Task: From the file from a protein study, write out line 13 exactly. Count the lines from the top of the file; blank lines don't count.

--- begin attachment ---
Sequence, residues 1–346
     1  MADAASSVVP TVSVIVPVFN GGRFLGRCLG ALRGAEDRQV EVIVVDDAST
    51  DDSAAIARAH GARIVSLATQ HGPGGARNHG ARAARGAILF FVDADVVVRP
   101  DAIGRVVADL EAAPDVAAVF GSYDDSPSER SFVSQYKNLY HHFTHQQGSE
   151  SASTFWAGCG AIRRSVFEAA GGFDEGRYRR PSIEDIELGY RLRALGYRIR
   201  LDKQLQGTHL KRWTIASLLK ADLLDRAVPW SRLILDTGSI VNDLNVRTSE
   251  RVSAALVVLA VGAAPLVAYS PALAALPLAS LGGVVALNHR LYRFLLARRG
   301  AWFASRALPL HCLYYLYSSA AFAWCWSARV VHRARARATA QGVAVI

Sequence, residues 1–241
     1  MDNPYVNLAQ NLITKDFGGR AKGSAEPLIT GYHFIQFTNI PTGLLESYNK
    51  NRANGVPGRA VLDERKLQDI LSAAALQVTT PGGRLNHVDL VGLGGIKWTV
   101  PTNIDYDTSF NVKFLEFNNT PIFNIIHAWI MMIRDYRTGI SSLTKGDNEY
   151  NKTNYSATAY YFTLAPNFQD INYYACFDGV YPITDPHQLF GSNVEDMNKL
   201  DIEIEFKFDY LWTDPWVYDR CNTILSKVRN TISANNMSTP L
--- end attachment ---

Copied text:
   151  NKTNYSATAY YFTLAPNFQD INYYACFDGV YPITDPHQLF GSNVEDMNKL